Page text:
Tokyo’s popular Taimeiken restaurant does omurice right

Tampopo omurice, the signature dish at Taimeiken in Nihonbashi, Tokyo, is named after the 1985 food-centered Japanese film "Tampopo." The simple entree is a fluffy three-egg omelet served over a mound of ketchup-fried rice.


By AARON KIDD | Stars and Stripes | Published: April 14, 2016

In a Charlie Chaplin-inspired scene from the cult-classic Japanese film “Tampopo,” a homeless man sneaks into a restaurant kitchen after hours to whip up a fluffy, expertly prepared omelet served atop a delicious-looking mound of ketchup-tinted fried rice.

The dish, called omurice — an amalgam of “omelet” and “rice” — has made countless viewers’ stomachs growl ever since the food-centric comedy from director Juzo Itami debuted in 1985.

Tampopo omurice, the signature selection at Tokyo’s Taimeiken restaurant, which was featured in the movie, has become one of the most sought-after plates of omurice in the world. The scene was filmed in Taimeiken’s second-floor kitchen, and owner-chef Masaaki Modegi’s hands can be seen in close-up shots.

This popular, somewhat pricey restaurant in the Nihonbashi business district near Tokyo Station specializes in yoshoku cuisine — Japan’s take on Western-style food that popped up after 1868 when the Meiji emperor lifted a ban on Western culture. Yoshoku includes hamburger steak, Japan’s take on meatloaf; katsu, a breaded and fried pork cutlet; and various spaghetti incarnations.

Taimeiken offers several incarnations of omurice — beef and prawn, for example — but its Tampopo version (1,950 yen, or about $17.60) is by far the most popular item on the menu, which offers instructions in English for how to eat it: Slice the omelet lengthwise down the center to reveal its creamy, soft-cooked interior (if you prefer well-done eggs, this dish might not be for you). Open the omelet from the middle, letting it envelope the rice. Top it with the sauce of your choice — ketchup or demi-glace — and enjoy.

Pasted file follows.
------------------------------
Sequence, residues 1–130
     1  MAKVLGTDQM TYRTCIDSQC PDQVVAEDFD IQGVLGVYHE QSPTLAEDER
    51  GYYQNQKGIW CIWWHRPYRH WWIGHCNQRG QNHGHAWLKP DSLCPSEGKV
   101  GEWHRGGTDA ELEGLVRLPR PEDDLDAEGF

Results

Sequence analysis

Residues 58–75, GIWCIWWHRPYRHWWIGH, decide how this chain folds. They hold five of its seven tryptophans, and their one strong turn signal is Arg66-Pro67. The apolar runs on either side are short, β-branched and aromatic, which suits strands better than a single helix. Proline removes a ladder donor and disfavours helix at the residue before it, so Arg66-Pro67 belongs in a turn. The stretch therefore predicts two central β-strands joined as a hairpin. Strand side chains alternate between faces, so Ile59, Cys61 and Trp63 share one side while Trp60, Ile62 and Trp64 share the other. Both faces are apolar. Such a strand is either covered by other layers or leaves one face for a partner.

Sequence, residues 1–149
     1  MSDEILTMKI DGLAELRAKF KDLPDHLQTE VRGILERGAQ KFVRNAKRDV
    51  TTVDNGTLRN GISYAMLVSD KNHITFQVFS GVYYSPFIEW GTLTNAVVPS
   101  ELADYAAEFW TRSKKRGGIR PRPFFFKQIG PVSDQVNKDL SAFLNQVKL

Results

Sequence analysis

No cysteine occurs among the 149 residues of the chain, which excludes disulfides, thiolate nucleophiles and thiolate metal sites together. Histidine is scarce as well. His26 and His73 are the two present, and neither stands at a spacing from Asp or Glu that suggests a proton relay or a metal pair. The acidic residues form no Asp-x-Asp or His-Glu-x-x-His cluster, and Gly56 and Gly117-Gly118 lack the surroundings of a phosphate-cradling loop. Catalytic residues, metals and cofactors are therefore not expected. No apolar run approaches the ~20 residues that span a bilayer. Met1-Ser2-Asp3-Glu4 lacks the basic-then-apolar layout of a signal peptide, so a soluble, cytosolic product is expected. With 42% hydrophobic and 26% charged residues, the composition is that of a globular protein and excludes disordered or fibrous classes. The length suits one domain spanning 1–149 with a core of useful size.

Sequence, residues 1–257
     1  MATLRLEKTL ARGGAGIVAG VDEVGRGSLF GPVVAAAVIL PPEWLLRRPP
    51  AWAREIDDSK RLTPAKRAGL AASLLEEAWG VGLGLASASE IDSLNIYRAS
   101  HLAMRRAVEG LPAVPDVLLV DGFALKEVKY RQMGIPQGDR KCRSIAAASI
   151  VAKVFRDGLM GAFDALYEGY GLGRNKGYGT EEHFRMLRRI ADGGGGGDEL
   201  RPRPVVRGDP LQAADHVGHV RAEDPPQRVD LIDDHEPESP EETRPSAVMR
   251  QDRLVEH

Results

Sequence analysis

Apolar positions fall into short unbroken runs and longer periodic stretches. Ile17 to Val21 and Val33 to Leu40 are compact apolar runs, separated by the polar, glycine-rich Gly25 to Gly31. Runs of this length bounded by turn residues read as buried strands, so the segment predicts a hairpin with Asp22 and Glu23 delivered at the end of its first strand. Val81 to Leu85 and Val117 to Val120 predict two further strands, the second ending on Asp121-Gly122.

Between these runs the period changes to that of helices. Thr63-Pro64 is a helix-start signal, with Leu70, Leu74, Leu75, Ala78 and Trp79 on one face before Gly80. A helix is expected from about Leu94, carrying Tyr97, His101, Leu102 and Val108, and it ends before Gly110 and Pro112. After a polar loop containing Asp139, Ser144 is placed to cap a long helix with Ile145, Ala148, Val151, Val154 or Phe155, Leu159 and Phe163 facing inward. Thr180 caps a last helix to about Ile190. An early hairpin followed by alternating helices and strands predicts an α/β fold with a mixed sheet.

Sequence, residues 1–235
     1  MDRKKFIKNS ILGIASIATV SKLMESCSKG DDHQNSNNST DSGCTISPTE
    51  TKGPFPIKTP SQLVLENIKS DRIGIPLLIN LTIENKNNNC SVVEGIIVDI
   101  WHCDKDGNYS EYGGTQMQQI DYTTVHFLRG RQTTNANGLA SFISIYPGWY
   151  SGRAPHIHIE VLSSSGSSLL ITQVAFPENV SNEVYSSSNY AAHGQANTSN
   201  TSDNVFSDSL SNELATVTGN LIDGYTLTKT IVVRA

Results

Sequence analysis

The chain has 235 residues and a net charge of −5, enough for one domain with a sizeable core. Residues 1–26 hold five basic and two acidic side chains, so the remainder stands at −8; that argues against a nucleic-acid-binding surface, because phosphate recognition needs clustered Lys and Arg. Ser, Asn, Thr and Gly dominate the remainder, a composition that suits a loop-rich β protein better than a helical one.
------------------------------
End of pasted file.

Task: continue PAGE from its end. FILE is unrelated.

The perfectly cooked rice, stained pink from a dollop of ketchup added during frying, is prepared with sizable pieces of tasty chicken; however, the delectable eggs remain the star of this melt-in-your-mouth masterpiece.

Taimeiken also serves old-fashioned plain, ham and tomato and asparagus omelets (1,350-1,600 yen), spaghetti and seafood dishes (1,400-2,000 yen) and rice concoctions (highlights include the curry with pork cutlet for 1,350 yen and hashed beef with rice for 1,980 yen).

Beef lovers can choose hamburger steak, beef cutlet, beef and tongue stews, filet and sirloin steak (2,380-3,180 yen). Ramen costs between 750 and 1,000 yen, and the eatery also offers “specialty small dishes,” coleslaw and Borscht (50 yen each).

Beverage options include draft and bottled beers (700-1,050 yen), wine (650 yen per glass) and the usual sodas, juices, coffees and teas (500-650 yen).

The only desserts offered are vanilla and green-tea ice cream (500 yen).

Customer service in Japan is usually top notch, and Taimeiken is no exception. My waitress, who greeted me with a smile and an English menu, appeared to beam with pride when she served my meal.

Fair warning: Be sure to arrive early if you don’t want to wait. Lines regularly wrap around the building during lunchtime.

For customers who crave a more upscale experience — and shorter wait times — Taimeiken offers a second-story dining area with tasteful, cottage-like decor but much more expensive prices.

Twitter: @kiddaaron



Location: 1-12-10 Nihonbashi, Chuo, Tokyo

Hours: Open most days between noon to 9 p.m. with last order at 8:30 p.m.

Prices: Tampopo omurice, the restaurant’s most popular dish, costs 1,950 yen (about $17.60).

Dress: Casual

Directions: About a 10-minute walk from Tokyo Station.

Information: 03-3271-2464; taimeiken.co.jp

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